Naturally, the article prompted at least two police officers to comment that they are entitled to seize anybody’s camera without a court order at any time with the justification that it is considered evidence.

Now a Canadian police officer has written a post on his own blog titled “Can police seize your camera?”.

Mack Pettigrew, a sergeant with the Ontario Provincial Police Department who runs the blog “A Cop’s View”, comes across as a cop who would rather cooperate with a witness rather than intimidate him.

While he does believe that an officer is entitled to seize a camera without a court order if there is a chance he will never see that person again – such as if the person takes off running down the street – he believes it is preferable to obtain a search warrant in cases where the photographer provides his name and address.

I’ve always said that if I’m in a situation where a cop is ordering me to hand over my camera or memory card, I will refuse, but I will gladly provide him with my identification which would allow him to obtain the camera through a court order.

In fact, I would probably allow the officers to copy the memory card with the understanding that I maintain possession of it and will most likely publish the contents on my website.

Unfortunately, many cops would not agree to this and would just arrest me and take my camera anyway, forcing me to go through the whole legal process again, which is a risk I’m willing to take to protect my personal property.

It’s too bad more cops can’t be like Pettigrew, who states the following on his blog:

Officers must be sure of their powers, you can not just go and take a camera from someone because they are going to put the video on youtube or sell it to the media.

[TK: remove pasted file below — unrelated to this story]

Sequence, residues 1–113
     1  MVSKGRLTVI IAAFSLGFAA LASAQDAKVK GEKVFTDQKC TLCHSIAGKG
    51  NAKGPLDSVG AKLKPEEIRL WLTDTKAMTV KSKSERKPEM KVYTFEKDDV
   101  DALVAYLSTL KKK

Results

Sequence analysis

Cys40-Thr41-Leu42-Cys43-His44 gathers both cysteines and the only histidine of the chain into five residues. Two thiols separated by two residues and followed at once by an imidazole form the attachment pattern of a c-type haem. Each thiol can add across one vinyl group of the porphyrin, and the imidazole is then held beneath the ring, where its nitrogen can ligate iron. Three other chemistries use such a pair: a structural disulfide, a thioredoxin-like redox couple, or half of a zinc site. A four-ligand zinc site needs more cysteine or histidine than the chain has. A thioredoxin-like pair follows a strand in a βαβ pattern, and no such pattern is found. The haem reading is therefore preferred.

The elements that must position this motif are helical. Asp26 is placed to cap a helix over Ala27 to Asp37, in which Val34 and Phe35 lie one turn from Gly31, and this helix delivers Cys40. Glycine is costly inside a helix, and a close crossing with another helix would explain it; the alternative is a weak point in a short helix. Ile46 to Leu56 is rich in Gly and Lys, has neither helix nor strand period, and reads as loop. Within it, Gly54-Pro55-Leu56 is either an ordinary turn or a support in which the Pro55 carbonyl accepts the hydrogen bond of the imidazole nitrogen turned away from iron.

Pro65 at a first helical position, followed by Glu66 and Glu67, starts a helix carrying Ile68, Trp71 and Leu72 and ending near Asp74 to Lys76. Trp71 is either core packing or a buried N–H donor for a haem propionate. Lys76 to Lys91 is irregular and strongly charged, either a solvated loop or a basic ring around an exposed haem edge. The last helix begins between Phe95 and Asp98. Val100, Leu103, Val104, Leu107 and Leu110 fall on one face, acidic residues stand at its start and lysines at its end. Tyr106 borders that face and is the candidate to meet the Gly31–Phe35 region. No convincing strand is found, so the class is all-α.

I was listening to the so called experts on the radio show and found it interesting how they talked about how officers are uncomfortable with the knowledge that their actions are being video taped or pictures taken of them. I for one have no problem with this as it works both ways. We use video tape evidence all the time and as long as you doing your job professionally out on the streets then officers have nothing to fear. Unfortunately we are human and have lapses in judgement at times and these seem to get caught on video and plastered all over the internet and media. One bad action can paint a bad picture for all of us. So be aware be professional and as a police officer know your powers when it comes to photos and video.

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Carlos Millerhttps://pinacnews.com
Editor-in-Chief Carlos Miller spent a decade covering the cop beat for various newspapers in the Southwest before returning to his hometown Miami and launching Photography is Not a Crime aka PINAC News in 2007. He also published a book, The Citizen Journalist's Photography Handbook, which is available on Amazon.